•“If you don’t have a relationship with your child, nothing else will matter.” – from my own father, Dr. Merritt H. Egan, in a private conversation. (He would counsel me to treat my sons very well during the first 10 minutes I was with them. Then the following hour would go much more smoothly, even if some difficult issues needed to be discussed. It’s along the same lines as not talking about grades at the dinner table.)
•“Your children are not distractions, they are the very purpose.” – Richard and Linda Eyre, from a fireside address.
•“Live your life as a father so that your children will say, 'If my mission president is anything like my father, then I want to serve a mission.' ” – From my oldest brother, M. Winston Egan, in a private conversation.
•On being realistic with a son about the rigors of missionary work, I like the following: “I am convinced that missionary work is not easy because salvation is not a cheap experience. Salvation never was easy. How could we believe it would be easy for us when it was never, ever easy for Him?” – Elder Jeffrey R. Holland.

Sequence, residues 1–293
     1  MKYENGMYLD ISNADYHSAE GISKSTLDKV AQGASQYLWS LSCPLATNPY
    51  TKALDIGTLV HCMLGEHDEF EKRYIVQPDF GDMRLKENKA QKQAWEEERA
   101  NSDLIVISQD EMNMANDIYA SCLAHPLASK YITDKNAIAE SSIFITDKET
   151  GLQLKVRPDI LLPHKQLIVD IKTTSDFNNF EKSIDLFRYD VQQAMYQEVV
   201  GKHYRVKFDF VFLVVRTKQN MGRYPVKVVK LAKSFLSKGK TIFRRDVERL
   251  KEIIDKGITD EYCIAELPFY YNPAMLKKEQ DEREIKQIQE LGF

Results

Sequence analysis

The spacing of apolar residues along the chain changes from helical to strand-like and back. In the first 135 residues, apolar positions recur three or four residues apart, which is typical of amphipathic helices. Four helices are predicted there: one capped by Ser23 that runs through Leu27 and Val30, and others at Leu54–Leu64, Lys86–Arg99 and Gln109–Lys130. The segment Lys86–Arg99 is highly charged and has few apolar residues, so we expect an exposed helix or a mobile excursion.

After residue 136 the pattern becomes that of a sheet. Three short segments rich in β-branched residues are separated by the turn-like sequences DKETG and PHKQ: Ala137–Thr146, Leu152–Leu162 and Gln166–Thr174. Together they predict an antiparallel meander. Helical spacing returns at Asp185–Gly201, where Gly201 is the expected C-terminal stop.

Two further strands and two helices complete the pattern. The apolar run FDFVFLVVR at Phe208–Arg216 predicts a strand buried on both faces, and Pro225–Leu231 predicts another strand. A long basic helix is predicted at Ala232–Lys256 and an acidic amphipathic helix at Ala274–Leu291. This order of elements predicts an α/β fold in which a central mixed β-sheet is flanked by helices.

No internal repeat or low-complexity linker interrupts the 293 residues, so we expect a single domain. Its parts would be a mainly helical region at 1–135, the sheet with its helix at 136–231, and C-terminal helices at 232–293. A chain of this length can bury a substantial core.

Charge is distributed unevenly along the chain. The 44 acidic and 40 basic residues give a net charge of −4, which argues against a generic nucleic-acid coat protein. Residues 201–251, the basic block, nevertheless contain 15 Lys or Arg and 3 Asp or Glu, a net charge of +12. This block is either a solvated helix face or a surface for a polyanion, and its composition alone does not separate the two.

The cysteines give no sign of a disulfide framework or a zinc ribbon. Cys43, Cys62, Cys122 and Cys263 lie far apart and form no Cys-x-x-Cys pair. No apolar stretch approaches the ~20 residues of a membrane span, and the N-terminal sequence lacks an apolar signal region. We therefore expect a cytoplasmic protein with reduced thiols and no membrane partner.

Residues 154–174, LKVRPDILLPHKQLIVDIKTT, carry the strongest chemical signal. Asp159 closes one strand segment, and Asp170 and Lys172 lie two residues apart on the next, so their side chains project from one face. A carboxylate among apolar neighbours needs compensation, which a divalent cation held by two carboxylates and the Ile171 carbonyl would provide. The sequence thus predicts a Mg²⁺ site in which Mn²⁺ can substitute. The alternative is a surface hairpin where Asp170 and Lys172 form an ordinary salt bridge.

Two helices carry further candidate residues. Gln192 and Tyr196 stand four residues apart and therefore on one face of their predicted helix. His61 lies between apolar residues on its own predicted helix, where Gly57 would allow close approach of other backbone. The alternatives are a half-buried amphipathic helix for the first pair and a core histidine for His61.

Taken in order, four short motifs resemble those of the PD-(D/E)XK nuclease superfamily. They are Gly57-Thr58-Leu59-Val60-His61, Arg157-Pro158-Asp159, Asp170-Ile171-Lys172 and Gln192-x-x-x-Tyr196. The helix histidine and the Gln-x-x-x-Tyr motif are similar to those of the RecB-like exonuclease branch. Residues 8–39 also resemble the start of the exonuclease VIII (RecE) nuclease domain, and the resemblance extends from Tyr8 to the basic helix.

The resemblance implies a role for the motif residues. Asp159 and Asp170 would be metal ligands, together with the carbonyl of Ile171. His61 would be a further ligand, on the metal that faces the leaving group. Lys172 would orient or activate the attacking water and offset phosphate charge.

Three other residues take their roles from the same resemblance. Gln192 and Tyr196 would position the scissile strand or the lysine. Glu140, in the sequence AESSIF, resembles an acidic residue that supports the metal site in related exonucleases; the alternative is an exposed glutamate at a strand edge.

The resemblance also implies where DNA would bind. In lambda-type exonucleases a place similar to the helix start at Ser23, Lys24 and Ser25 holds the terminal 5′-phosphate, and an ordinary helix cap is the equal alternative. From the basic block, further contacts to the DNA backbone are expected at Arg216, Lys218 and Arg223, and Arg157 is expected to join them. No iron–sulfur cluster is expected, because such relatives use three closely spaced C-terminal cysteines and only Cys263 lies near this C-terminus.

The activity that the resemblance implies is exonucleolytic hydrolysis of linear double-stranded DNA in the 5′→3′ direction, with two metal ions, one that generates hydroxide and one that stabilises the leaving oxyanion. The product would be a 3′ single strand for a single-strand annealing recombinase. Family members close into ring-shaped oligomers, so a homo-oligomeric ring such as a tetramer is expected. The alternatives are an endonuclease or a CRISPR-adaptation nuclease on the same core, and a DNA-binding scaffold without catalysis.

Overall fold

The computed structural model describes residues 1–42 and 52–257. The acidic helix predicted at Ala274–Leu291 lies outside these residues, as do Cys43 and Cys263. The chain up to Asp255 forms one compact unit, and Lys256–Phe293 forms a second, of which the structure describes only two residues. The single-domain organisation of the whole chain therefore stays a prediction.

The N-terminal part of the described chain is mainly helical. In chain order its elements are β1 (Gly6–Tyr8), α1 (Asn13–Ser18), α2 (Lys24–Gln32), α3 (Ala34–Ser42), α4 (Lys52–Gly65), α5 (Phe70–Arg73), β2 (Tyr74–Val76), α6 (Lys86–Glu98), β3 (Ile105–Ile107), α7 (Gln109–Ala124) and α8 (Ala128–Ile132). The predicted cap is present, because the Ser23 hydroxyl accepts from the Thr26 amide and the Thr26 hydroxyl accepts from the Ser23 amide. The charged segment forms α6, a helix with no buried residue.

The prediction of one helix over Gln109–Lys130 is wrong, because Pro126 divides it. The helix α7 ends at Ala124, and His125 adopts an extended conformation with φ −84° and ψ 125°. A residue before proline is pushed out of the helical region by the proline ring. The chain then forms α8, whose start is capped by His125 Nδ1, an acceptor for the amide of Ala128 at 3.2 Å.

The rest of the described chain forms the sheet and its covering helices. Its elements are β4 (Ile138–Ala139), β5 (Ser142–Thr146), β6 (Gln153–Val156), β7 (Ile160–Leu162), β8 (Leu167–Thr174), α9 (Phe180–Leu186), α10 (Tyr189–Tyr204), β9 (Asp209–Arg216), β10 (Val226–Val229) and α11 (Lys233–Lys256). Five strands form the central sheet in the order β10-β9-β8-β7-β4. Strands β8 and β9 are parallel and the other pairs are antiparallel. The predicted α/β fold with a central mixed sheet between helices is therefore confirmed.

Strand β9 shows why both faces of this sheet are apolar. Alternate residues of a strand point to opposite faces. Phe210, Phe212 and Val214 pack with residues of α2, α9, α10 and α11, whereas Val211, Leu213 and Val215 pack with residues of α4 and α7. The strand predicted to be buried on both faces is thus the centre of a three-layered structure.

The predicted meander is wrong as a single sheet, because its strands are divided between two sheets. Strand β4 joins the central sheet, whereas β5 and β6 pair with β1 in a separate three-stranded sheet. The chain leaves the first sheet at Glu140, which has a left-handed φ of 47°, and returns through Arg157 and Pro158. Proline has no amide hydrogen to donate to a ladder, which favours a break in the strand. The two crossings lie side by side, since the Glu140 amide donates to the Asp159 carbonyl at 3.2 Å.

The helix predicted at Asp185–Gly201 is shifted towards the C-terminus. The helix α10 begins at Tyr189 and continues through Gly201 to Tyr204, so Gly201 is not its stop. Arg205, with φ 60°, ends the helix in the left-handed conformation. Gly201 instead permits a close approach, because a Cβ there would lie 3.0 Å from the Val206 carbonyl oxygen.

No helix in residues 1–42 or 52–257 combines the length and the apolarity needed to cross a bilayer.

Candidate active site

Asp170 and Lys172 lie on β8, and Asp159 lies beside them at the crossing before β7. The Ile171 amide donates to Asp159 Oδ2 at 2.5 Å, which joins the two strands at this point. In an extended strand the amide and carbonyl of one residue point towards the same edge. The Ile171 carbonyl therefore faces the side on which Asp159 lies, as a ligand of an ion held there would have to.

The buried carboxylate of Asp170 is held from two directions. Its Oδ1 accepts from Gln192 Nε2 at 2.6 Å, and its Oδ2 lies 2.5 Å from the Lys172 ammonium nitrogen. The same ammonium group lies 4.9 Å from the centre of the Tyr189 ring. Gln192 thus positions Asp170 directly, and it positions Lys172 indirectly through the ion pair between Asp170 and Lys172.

I used to remind my sons as they left for the mission field that I was the fifth son to serve in my family, and that I was surprised by how difficult the experience was, and how nobody had been able to communicate that forthcoming difficulty to me because I had to experience it for myself. Knowing that it was tough for dad and all their older brothers made it easier for each of my sons to accept the trials of being away doing hard work.
• “The most important work you and I will ever do will be within the walls of our own homes.” – President Harold B. Lee.
•“Just wait until you’re married and you have 10 kids. Then you’ll really know you’re alive!” – My mission president Milan D. Smith (who actually raised 10 children), in a private conversation.
•“Raise your children with the attributes of personal prayer, personal scripture study and personal acts of Christian service. These behaviors will have more to do with your children reaching their spiritual goals than other outward signs of church activity.” – Elder Dean L. Larsen, from a stake conference adult session address.